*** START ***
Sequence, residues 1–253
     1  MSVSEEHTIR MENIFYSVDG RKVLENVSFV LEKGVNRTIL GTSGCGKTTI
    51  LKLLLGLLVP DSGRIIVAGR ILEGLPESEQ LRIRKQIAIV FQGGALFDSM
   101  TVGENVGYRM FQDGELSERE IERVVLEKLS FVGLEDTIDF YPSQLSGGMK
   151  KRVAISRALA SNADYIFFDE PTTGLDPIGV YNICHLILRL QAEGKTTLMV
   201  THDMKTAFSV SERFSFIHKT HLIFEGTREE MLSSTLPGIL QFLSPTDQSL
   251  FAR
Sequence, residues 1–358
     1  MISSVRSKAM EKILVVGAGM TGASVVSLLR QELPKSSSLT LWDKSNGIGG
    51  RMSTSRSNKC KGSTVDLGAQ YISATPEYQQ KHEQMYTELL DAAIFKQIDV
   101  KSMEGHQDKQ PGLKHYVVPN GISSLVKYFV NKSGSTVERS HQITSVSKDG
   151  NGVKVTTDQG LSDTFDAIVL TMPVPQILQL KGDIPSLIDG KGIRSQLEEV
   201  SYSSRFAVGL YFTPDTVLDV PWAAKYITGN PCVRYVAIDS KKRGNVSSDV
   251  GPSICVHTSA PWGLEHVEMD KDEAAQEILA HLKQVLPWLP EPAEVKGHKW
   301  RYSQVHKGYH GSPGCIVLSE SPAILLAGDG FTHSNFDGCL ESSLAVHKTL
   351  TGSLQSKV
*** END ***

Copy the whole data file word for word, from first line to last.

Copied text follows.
Sequence, residues 1–253
     1  MSVSEEHTIR MENIFYSVDG RKVLENVSFV LEKGVNRTIL GTSGCGKTTI
    51  LKLLLGLLVP DSGRIIVAGR ILEGLPESEQ LRIRKQIAIV FQGGALFDSM
   101  TVGENVGYRM FQDGELSERE IERVVLEKLS FVGLEDTIDF YPSQLSGGMK
   151  KRVAISRALA SNADYIFFDE PTTGLDPIGV YNICHLILRL QAEGKTTLMV
   201  THDMKTAFSV SERFSFIHKT HLIFEGTREE MLSSTLPGIL QFLSPTDQSL
   251  FAR
Sequence, residues 1–358
     1  MISSVRSKAM EKILVVGAGM TGASVVSLLR QELPKSSSLT LWDKSNGIGG
    51  RMSTSRSNKC KGSTVDLGAQ YISATPEYQQ KHEQMYTELL DAAIFKQIDV
   101  KSMEGHQDKQ PGLKHYVVPN GISSLVKYFV NKSGSTVERS HQITSVSKDG
   151  NGVKVTTDQG LSDTFDAIVL TMPVPQILQL KGDIPSLIDG KGIRSQLEEV
   201  SYSSRFAVGL YFTPDTVLDV PWAAKYITGN PCVRYVAIDS KKRGNVSSDV
   251  GPSICVHTSA PWGLEHVEMD KDEAAQEILA HLKQVLPWLP EPAEVKGHKW
   301  RYSQVHKGYH GSPGCIVLSE SPAILLAGDG FTHSNFDGCL ESSLAVHKTL
   351  TGSLQSKV